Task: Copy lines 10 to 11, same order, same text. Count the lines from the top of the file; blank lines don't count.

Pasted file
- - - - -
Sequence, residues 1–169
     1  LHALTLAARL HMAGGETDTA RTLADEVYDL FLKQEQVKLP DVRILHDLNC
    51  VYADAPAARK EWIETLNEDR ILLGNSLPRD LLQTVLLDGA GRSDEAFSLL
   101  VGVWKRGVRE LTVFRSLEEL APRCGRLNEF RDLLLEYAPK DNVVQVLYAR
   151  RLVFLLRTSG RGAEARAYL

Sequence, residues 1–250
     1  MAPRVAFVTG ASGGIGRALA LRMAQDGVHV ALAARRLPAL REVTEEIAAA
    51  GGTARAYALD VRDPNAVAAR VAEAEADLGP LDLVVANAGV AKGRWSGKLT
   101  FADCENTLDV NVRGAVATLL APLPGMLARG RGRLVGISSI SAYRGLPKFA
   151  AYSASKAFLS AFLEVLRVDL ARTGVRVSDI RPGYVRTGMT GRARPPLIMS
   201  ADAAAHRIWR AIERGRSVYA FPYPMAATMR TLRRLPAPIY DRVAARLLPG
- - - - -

   151  AYSASKAFLS AFLEVLRVDL ARTGVRVSDI RPGYVRTGMT GRARPPLIMS
   201  ADAAAHRIWR AIERGRSVYA FPYPMAATMR TLRRLPAPIY DRVAARLLPG